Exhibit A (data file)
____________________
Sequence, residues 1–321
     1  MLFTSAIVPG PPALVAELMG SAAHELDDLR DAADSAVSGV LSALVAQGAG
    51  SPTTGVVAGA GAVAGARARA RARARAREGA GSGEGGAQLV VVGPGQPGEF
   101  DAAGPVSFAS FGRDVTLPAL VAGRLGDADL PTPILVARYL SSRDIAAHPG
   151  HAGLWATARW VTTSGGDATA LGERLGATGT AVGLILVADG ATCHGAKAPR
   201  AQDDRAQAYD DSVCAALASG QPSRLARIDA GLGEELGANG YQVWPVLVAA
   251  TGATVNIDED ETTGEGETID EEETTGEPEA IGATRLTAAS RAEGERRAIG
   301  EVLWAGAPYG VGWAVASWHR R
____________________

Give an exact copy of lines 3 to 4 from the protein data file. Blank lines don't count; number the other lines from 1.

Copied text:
    51  SPTTGVVAGA GAVAGARARA RARARAREGA GSGEGGAQLV VVGPGQPGEF
   101  DAAGPVSFAS FGRDVTLPAL VAGRLGDADL PTPILVARYL SSRDIAAHPG